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Russian Election Authorities Annul Results Of Fraud-Marred Regional Vote


Communist Party candidate Andrei Ishchenko candidate says he should be declared the winner of the original vote in the Primorye gubernatorial election.
Communist Party candidate Andrei Ishchenko candidate says he should be declared the winner of the original vote in the Primorye gubernatorial election.

Electoral authorities in Russia's Far Eastern Primorye region annulled the result of a disputed gubernatorial runoff vote, after the country's top election official said it was marred by "serious violations."

A total of 12 members of Primorye's election commission on September 20 voted in favor of the annulment of the result of the closely contested vote in the region, where the Communist Party cried foul after the Kremlin-backed incumbent surged ahead at the end of the ballot count. One election commission member voted against the proposal.

It is the first time a runoff has been annulled in Russia since 1996, according to media reports.

A new election is to be held within three months of the annulled September 16 vote.

The runoff was thrown into dispute in the final stages of the vote count early on September 17, triggering tension in the Far Eastern region.

In a last-minute reversal, the candidate from the Kremlin-controlled United Russia party, acting Governor Andrei Tarasenko, suddenly erased Communist rival Andrei Ishchenko's substantial lead and surged ahead.

"We believe that in the circumstances it is not possible to reliably understand the result of the will of the people, which means we can't declare either of the candidates elected," Primorye election commission head Tatyana Gladkikh said on September 20.

Tarasenko called the decision to have a rerun "fair," telling Russian media, "There have been too many complaints."

However, Ishchenko said he will appeal the decision in court, claiming he should be declared the winner of the original vote.

Communist Party chief Gennady Zyuganov has called for a criminal investigation and appealed to President Vladimir Putin to look into the situation. He also promised to hold a nationwide protest action on September 22 if there was no progress by then.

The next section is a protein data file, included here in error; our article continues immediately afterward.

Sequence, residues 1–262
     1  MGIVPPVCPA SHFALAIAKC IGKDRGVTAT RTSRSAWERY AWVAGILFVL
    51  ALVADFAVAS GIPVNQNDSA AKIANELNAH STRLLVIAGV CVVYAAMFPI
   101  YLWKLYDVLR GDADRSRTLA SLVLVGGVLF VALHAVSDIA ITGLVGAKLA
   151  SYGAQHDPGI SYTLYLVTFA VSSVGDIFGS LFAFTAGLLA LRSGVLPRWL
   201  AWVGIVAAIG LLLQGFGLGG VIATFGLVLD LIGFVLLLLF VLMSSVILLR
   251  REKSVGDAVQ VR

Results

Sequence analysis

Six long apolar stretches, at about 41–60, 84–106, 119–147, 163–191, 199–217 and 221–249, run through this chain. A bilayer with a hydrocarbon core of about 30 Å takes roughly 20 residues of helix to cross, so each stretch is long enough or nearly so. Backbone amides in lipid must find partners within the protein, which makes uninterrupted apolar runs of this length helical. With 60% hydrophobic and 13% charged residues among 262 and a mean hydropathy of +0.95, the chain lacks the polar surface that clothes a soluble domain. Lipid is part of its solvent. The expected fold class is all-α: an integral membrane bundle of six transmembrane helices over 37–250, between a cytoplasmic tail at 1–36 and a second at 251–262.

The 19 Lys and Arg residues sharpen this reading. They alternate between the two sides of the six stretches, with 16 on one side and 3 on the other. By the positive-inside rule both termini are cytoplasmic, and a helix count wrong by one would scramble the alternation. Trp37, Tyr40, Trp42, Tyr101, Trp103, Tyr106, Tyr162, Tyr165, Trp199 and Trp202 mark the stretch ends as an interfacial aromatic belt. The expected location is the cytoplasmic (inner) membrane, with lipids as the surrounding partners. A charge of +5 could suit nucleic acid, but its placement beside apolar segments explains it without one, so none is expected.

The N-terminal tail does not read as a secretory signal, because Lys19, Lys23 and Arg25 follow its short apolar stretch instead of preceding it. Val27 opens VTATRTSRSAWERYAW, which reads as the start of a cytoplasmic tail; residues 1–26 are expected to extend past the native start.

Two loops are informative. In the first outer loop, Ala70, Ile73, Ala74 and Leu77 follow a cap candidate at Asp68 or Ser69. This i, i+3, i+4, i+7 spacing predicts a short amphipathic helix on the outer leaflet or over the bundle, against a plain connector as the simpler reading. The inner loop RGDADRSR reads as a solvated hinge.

Hundreds of supporters already held a protest in Primorye's capital, Vladivostok, on September 17.

In Moscow, Central Election Commission (TsIK) chief Ella Pamfilova welcomed the decision of the regional election commission, saying that "there was no other way out in this situation."

On September 19, Pamfilova recommended that the commission annul the vote result, citing a number of violations, which included ballot-box stuffing, vote-buying, forcing people to vote, and altering records of the count.

She also said that culprits should be punished for fraud that "shocked" election officials.

Putin's spokesman Dmitry Peskov said the administration "certainly appreciates and supports the TsIK's position."

Kremlin critics consider the Communist Party a pliant part of Putin's ruling system, and it supports Putin's initiatives with some frequency, but the rivalry on the regional level is very real and any Communist victory is embarrassing for Putin and United Russia, which dominates politics nationwide.

Out of 21 Russian regions in which gubernatorial elections were held on September 9, Primorye was one of four where United Russia faced runoffs after failing to win 50 percent of the vote. The other three runoffs will be held on September 23.

With reporting by Reuters, AFP, Interfax, and RIA Novosti
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